Returning to work after having a baby is, for many women, nothing short of a nightmarish prospect.
Because while men who are fathers are more likely to be promoted and held in higher esteem by their colleagues, women are more likely to be demoted, moved off major projects and not given the same opportunities as their childless counterparts.
And according to Valeria Ignatieva, it was all of this, plus her own years of experience, that lead to the creation of her co-shared company, Diverse City Careers.
Arriving in Australia as a Russian immigrant 23 years ago, nothing has come easy for Ignatieva throughout her life.
As an 11-year-old, she started school not speaking a word of English, having her mother side beside her in class and translate. Then, a few years later, she left school to begin a Coles Myer traineeship and study business management.
And for a while, things were good. Ignatieva was focussed on her career and rising through the ranks of her apprenticeship. But when she became a single parent to a son with cerebral palsy and was forced to leave her job, the now 34-year-old found herself searching not only for the opportunities she'd had in her previous position but also a position that would understand and support her.
The one thing she had on her side at that time, Ignatieva tells Mamamia is motivation.
"I was very young at that age and was very motivated," she says. "I'd clean someone's house and then go and vacuum a gym and then go and do the dishes. Literally, I'd do anything."
The reason, she says, was the desire to provide the very best for her son.
Listen: Mamamia Out Loud discuss the importance and detriment of maternity leave. Post continues...
"There was literally no one else that would have supported him," she says. "If he wanted to go and attend a private school that had better facilities, that school cost $25,000 a year. I had to make that work."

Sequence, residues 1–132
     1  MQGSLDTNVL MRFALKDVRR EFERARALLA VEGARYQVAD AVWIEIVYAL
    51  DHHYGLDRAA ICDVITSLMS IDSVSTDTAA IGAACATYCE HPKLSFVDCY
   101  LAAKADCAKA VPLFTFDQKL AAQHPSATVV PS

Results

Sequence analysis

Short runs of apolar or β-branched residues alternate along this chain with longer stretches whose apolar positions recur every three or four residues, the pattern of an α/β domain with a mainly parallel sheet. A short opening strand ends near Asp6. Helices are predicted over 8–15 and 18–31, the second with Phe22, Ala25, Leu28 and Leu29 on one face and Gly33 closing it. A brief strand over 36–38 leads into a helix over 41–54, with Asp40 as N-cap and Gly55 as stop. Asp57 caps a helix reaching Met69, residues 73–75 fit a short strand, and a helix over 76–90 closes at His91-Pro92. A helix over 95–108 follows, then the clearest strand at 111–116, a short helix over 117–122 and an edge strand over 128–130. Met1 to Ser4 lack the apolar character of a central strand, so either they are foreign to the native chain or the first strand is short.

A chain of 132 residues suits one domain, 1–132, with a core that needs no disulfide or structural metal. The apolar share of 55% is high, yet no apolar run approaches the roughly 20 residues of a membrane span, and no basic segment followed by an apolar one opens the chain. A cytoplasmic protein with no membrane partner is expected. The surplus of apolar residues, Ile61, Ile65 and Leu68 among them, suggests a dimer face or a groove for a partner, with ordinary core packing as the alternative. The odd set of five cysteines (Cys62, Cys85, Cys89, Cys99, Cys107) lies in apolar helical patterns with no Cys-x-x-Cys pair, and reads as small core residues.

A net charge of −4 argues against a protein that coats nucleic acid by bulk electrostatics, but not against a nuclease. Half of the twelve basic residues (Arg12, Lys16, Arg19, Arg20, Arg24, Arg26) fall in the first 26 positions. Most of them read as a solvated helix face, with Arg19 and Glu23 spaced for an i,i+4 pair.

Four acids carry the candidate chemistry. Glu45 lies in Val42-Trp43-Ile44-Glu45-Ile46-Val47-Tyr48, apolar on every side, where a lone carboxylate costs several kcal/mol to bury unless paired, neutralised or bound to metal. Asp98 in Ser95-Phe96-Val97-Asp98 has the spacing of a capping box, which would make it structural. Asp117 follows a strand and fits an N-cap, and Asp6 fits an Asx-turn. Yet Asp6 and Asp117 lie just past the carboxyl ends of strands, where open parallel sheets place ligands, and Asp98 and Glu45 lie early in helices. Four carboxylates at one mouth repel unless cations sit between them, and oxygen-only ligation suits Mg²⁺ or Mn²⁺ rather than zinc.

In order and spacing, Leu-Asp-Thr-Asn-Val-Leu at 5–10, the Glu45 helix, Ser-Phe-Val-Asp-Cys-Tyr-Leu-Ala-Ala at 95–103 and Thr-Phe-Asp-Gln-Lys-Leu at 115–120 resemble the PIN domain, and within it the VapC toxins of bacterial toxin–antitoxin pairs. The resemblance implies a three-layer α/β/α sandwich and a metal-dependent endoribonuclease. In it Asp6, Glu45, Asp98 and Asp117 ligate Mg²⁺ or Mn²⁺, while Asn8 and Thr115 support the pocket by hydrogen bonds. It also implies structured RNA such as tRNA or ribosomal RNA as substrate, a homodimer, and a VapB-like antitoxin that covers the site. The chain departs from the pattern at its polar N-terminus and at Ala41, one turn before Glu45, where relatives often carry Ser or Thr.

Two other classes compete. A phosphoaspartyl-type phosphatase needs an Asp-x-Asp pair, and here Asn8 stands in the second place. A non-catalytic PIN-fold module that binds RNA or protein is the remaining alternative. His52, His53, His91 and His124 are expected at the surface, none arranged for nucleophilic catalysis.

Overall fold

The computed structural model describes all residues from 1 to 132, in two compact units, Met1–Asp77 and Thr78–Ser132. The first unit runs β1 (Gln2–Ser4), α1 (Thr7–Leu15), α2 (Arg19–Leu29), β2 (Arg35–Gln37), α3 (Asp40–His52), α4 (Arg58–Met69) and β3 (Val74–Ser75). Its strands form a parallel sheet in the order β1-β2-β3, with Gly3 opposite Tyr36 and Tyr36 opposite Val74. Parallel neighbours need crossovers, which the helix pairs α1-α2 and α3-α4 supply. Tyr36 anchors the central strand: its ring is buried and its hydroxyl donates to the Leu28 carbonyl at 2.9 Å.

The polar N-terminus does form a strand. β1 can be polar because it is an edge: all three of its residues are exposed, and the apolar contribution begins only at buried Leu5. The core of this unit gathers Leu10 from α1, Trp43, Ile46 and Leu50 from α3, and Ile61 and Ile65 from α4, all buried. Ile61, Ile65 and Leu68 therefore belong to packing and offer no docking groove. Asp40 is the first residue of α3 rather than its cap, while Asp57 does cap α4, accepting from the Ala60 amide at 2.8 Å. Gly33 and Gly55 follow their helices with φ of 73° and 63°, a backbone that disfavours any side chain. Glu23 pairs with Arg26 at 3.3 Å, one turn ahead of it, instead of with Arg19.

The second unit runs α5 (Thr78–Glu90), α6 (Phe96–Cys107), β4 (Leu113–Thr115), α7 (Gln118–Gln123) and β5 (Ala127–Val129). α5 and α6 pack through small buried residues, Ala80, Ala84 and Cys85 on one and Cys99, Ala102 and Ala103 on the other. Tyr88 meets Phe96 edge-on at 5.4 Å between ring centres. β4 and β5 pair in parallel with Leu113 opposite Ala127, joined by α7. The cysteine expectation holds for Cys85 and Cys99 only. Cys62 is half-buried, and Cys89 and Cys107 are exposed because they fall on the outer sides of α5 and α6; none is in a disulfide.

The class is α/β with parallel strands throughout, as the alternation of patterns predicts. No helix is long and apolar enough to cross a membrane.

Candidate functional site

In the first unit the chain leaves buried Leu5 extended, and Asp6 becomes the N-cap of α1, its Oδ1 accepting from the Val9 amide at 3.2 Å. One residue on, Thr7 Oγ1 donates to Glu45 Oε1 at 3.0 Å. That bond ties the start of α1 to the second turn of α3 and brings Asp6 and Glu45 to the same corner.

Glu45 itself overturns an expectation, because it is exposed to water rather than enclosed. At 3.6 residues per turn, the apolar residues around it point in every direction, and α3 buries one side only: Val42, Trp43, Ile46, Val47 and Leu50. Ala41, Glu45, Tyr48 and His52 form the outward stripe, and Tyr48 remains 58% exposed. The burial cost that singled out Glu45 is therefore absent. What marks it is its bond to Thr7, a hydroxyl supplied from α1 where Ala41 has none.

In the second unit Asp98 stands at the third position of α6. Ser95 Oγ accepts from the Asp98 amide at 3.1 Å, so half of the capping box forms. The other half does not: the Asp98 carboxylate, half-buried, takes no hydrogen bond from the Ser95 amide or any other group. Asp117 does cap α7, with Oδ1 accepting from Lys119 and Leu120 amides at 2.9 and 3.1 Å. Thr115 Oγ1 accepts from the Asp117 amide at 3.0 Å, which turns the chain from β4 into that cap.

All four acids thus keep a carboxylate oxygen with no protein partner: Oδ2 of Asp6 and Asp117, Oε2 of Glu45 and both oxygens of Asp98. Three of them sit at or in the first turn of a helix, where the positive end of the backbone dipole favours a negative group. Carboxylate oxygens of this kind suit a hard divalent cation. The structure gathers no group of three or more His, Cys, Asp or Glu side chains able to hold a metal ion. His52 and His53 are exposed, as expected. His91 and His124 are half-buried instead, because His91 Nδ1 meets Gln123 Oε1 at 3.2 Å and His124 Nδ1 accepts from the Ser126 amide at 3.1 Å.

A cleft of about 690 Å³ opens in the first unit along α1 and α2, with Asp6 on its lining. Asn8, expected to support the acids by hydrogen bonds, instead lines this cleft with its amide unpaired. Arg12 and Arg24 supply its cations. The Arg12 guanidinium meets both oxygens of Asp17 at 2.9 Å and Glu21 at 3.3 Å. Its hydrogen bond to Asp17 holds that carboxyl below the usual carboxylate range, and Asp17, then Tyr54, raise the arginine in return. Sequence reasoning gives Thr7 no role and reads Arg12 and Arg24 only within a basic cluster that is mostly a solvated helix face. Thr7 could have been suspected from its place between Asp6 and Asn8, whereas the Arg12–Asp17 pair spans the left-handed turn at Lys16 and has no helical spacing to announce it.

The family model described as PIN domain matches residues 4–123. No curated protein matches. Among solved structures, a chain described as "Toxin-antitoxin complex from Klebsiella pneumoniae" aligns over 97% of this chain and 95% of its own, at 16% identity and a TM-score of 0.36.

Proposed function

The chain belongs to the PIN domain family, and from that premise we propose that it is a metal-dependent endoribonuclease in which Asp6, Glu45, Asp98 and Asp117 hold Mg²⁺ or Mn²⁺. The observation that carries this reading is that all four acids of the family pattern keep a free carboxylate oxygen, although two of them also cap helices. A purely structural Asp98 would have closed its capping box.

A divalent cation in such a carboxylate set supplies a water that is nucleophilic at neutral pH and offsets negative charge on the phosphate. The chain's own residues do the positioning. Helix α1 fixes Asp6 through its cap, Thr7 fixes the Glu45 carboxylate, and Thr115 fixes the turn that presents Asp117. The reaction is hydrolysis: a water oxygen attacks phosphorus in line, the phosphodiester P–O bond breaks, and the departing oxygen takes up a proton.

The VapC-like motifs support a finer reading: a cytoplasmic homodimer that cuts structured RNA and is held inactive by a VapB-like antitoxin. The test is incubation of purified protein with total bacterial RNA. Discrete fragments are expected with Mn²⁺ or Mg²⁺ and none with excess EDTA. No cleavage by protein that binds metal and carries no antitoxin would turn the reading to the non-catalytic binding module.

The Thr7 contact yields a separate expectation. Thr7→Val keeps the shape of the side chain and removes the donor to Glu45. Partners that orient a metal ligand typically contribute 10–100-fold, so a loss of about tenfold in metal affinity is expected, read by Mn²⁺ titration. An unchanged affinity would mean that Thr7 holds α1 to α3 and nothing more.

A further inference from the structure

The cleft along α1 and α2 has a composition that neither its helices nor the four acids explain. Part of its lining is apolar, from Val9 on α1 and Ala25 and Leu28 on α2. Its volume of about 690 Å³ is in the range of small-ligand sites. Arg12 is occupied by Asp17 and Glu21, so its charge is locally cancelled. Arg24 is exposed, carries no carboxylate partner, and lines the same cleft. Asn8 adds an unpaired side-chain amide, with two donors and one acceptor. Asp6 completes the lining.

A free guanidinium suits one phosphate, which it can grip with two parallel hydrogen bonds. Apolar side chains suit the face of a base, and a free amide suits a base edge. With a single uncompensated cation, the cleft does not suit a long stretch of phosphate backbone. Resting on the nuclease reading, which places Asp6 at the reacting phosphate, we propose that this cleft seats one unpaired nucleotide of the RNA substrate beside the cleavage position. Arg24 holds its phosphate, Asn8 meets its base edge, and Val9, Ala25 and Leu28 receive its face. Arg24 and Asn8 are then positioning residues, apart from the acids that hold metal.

She adds, "Maybe if I had the support I wouldn't have felt so much pressure, but because I felt like I was the only one that could provide for my son and that it was up to me and no one else, that was motivation enough."
And so eventually, Ignatieva began the hunt for a permanent, career-scaling position. Something that she never expected to be as hard or as dispiriting as what she experienced.
"I had so many jobs that I would go for and I would be the ideal candidate, but when it got to the section about flexibility and I would say that during holidays I really needed to be with my son I would just get completely dropped from the recruitment process," she says.
But thankfully, after months of searching, she found a job with an understanding employer that not only supported her parenting commitments but also challenged her and offered career development.
"Things got a lot easier from there," she says.
Fast forward to February 2015 when the mum-of-one joined forces with her former colleague Gemma Lloyd to create Diverse City Careers, a company that vets employers and rates their flexible work arrangements; their paid parental leave schemes; their minimum tenures for parental leave; their outlook and approach to career development for working mums.
Rather than allowing other women to experience the hardship she faced, Lloyd and Ignatieva have created a system that asks the hard questions on your behalf and helps women find employment in companies that actually want them for who they are and what they have to offer - as a parent and an employee.
"It's all about giving women the opportunity to evaluate the employers before they go and apply for the job," she says, adding the success they've had since launching DCC has been incredible. "The winning feeling you get when you produce great results for women is very motivating."
There is one working mother myth that annoys Ignatieva more than any other, and that's when employers think women who are mothers no longer have career motivation.
"I'm so sick of that misconception," she says sighing. "This idea that mothers returning to work aren't focussed, it's just not true and there's data to show that. But then, in my circle, I also see a lot of positive things happening to change that. There are a lot of good things happening. There's also a lot of bad things happening, but let's focus on the wins and focus on the real change that is happening. We've had amazing results."
With her son now 18 years old and "thriving", Ignatieva says there has been one constant in a life that has seen her move countries, become a parent and start her own business: her attitude.
While most people would be exhausted and feel cheated by it all, Ignatieva has a positivity and optimism that is utterly contagious.
"I really do feel that you need to look at all the positives and see the glass half full," she says.